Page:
This is something I've tried dozens of times over the years I've been lending P2P. I found an elegant solution today.

The problem:

I keep track of my accounts in Excel. I'm particularly interested in the tracking the rate of return I'm earning on my investments and how it changes over time. The built-in Excel function XIRR (Internal Rate of Return) is excellent for this measurement. It's easy to use XIRR in one cell, but it's pretty hard to create a column in my spreadsheet that evaluates the XIRR for each day. And I want that column, so I can graph it.

The solution:

I'm a software development engineer, so I'm capable of doing this with VBA code. But that is a difficult kludge compared to the following solution. Here's some hypothetical account data with a column for XIRR performance over the last 6 months. I selected one of the XIRR cells so you can see the formula:

You CAN'T enter the formula just like you usually do because it's an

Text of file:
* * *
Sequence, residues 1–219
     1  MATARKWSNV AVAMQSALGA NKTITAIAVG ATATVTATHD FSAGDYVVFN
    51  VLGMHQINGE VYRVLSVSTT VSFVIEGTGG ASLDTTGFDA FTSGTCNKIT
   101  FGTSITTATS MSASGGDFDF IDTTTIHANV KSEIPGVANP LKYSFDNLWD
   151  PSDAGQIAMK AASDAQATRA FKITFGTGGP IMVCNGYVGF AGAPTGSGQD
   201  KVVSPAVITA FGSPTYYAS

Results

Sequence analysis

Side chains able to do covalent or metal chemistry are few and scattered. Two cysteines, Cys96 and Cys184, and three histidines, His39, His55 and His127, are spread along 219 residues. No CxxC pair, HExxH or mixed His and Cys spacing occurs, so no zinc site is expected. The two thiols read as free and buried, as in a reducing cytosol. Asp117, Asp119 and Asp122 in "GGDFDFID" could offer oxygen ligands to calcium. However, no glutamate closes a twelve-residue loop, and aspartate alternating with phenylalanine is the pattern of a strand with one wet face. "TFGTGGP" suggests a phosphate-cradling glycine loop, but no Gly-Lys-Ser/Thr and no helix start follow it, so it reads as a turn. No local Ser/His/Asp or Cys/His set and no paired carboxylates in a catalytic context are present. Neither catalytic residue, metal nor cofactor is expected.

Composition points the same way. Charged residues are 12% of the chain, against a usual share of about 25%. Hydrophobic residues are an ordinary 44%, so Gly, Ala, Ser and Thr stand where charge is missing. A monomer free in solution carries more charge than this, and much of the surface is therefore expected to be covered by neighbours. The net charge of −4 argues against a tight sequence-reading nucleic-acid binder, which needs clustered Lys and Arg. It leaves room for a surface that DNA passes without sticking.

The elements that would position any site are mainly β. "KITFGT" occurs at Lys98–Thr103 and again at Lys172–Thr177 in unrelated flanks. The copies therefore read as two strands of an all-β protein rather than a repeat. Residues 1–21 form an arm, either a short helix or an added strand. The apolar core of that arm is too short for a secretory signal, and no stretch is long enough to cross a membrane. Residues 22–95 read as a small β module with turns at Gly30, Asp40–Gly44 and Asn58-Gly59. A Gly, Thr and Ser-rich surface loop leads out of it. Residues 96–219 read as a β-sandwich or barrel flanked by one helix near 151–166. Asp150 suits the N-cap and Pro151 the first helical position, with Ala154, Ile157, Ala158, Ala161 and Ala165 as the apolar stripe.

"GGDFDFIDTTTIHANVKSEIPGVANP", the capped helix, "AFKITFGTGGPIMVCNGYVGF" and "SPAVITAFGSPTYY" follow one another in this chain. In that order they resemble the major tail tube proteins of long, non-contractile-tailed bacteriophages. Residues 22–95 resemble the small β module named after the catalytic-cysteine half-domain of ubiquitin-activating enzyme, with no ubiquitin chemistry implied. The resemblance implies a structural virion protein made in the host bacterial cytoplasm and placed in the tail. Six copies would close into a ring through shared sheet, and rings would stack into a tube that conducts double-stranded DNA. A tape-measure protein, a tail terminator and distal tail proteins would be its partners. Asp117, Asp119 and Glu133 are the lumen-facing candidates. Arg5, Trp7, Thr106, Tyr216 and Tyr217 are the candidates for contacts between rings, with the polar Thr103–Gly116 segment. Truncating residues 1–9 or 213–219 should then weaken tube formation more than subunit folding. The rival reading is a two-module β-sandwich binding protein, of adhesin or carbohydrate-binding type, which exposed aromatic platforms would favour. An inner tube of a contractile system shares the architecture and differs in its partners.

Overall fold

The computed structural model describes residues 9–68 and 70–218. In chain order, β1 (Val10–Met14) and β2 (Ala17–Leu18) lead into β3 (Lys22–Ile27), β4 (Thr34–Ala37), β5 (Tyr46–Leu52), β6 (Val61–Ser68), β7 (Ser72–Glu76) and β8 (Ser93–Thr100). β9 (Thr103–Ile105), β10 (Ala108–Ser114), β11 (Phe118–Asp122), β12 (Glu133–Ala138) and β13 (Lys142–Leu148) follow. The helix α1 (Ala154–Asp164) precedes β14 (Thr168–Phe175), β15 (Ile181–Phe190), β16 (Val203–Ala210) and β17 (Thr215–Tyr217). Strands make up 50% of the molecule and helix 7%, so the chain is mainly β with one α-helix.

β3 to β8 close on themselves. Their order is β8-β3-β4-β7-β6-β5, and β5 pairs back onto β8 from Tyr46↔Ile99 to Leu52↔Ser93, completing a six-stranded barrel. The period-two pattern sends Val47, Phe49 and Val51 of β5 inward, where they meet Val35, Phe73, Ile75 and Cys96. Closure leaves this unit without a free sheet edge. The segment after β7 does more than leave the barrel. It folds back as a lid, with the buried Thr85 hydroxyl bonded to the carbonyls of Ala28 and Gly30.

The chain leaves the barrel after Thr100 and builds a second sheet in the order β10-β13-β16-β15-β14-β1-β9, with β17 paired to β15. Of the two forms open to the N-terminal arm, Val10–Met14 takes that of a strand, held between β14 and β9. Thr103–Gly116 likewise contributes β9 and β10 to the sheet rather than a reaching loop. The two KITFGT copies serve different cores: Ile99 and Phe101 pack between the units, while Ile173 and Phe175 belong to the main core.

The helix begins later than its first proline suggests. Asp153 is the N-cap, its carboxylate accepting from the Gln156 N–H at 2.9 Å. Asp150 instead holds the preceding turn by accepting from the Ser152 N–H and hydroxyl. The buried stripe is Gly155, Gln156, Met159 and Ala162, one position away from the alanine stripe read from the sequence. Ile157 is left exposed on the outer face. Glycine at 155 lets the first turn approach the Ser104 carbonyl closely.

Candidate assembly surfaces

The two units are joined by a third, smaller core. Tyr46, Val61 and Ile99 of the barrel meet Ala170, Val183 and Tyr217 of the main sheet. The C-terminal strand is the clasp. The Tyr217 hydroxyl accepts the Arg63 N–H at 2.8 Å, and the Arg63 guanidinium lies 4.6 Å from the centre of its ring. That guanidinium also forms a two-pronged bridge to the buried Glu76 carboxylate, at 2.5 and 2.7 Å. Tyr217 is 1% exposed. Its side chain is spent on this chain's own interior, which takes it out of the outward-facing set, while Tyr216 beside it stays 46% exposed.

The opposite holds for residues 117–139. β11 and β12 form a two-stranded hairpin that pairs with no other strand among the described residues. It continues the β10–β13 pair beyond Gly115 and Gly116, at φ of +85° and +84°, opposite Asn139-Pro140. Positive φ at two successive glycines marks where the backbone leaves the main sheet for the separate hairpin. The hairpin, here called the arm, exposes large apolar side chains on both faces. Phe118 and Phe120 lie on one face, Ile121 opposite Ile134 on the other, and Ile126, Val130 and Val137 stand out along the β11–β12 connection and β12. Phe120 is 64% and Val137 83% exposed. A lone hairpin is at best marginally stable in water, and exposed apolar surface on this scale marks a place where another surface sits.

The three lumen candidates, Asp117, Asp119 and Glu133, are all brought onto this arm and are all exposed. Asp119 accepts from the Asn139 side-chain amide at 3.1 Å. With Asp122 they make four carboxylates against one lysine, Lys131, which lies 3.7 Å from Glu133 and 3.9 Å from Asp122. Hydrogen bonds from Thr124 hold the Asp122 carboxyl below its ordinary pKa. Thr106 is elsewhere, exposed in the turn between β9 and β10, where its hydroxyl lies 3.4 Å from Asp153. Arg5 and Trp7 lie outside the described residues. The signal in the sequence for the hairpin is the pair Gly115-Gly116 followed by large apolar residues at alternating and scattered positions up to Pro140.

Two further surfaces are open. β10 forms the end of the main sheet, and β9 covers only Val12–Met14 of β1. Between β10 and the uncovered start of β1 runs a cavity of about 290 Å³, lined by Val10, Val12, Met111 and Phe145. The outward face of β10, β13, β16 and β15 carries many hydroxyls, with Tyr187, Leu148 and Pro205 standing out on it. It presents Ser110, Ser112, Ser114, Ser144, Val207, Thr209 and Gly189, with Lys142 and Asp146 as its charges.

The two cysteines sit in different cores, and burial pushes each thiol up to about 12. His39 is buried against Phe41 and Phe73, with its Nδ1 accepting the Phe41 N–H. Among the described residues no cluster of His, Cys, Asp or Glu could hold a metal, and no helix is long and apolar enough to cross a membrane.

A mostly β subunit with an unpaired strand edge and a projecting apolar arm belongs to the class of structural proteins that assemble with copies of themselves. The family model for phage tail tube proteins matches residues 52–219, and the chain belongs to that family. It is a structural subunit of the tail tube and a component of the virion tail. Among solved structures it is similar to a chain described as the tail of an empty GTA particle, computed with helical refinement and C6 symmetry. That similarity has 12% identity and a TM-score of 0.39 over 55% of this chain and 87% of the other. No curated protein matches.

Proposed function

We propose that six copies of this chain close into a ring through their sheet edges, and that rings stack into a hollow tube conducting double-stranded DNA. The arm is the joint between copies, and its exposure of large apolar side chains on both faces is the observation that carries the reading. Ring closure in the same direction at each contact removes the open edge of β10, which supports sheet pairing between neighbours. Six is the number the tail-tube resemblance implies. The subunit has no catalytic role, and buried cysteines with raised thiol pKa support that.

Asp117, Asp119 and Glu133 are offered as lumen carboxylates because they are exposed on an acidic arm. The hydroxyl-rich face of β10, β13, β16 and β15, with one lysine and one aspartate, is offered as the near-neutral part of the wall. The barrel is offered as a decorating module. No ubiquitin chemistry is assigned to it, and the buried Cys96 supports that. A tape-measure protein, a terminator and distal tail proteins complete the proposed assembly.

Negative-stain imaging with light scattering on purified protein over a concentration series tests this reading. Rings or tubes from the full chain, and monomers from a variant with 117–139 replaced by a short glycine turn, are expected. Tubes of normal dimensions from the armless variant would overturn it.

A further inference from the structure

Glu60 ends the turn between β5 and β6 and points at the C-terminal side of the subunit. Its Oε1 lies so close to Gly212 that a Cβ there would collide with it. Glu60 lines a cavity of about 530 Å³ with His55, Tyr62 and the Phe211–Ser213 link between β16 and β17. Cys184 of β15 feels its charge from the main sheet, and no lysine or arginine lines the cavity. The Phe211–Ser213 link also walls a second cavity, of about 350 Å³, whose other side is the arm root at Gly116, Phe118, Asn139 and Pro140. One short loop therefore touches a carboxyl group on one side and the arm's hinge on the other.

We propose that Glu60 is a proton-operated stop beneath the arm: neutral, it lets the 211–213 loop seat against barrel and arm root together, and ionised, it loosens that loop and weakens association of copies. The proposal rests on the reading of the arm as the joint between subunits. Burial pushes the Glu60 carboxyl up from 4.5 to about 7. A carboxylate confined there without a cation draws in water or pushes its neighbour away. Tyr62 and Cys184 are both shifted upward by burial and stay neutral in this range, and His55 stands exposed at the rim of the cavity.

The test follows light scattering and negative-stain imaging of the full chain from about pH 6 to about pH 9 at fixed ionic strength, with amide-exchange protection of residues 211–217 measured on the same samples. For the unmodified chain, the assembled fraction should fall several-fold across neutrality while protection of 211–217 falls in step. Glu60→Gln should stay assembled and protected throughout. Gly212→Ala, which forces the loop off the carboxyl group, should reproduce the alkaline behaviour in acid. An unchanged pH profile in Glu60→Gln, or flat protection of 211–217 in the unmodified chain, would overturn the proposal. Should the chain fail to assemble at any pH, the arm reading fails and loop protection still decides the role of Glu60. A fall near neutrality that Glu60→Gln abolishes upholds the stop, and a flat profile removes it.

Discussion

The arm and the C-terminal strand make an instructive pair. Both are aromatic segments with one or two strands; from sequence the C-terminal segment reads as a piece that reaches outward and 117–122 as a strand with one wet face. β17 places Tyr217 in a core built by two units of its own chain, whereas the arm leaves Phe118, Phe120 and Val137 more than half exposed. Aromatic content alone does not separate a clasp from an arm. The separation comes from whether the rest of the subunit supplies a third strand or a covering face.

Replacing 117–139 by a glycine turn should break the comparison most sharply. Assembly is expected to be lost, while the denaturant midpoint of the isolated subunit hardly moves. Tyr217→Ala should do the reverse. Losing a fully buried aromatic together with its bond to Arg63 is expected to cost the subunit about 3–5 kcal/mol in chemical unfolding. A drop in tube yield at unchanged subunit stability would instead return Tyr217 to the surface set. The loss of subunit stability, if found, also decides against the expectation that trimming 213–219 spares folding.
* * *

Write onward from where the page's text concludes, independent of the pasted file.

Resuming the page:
array formula. Instead: after you are done typing the formula in (and making whatever modifications you need to personalize it to your spreadsheet) you MUST press CTRL+SHIFT+ENTER (instead of pressing ENTER). That will indicate to Excel that it is an array formula, and allow it to work correctly. If curly braces appear around the formula, then Excel successfully understood that it's an array formula.

The whole formula (as you can see in the image above) looks something like this:

=XIRR(IF(A23:A28=A23,B23-C23,IF(A23:A28=A28,C28,B23:B28)),A23:A28)

The part that's fairly magical (and difficult to understand) is these nested IF statements:

IF(A23:A28=A23,B23-C23,IF(A23:A28=A28,C28,B23:B28))

That statement pieces together an array of deposit/withdrawal values that includes the starting value and the ending value of the account (for the time period you want) and then hand that array to XIRR. Without this, you'd need a separate column for every cell that reports an XIRR. I don't think there's any way to make it simpler or use intermediate columns. If you want to understand it better, then you'll have to google Excel's array formulas and learn how they work.

(I'm using Excel 2010)